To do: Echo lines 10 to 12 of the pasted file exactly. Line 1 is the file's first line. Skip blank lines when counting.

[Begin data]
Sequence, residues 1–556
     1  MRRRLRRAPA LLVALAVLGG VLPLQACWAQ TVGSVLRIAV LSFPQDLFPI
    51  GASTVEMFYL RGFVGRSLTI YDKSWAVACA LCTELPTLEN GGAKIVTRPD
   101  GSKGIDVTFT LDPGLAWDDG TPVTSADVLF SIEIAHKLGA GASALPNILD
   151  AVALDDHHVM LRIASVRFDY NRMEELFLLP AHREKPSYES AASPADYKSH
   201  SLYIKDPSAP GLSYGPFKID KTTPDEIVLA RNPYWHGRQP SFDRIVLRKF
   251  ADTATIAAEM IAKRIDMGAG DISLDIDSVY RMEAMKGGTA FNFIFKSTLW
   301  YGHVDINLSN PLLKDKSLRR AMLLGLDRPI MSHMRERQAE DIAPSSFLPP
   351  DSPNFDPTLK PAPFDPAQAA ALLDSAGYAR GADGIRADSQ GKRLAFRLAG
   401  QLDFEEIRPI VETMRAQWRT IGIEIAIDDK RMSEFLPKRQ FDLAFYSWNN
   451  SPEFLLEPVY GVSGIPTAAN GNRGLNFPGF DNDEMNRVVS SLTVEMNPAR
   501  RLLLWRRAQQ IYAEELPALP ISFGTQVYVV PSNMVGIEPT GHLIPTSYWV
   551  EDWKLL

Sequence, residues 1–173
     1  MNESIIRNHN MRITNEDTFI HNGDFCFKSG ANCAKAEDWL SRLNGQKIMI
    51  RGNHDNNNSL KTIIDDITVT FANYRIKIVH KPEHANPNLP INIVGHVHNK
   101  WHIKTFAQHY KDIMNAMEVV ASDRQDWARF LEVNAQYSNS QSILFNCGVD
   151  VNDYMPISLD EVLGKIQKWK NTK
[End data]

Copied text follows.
   401  QLDFEEIRPI VETMRAQWRT IGIEIAIDDK RMSEFLPKRQ FDLAFYSWNN
   451  SPEFLLEPVY GVSGIPTAAN GNRGLNFPGF DNDEMNRVVS SLTVEMNPAR
   501  RLLLWRRAQQ IYAEELPALP ISFGTQVYVV PSNMVGIEPT GHLIPTSYWV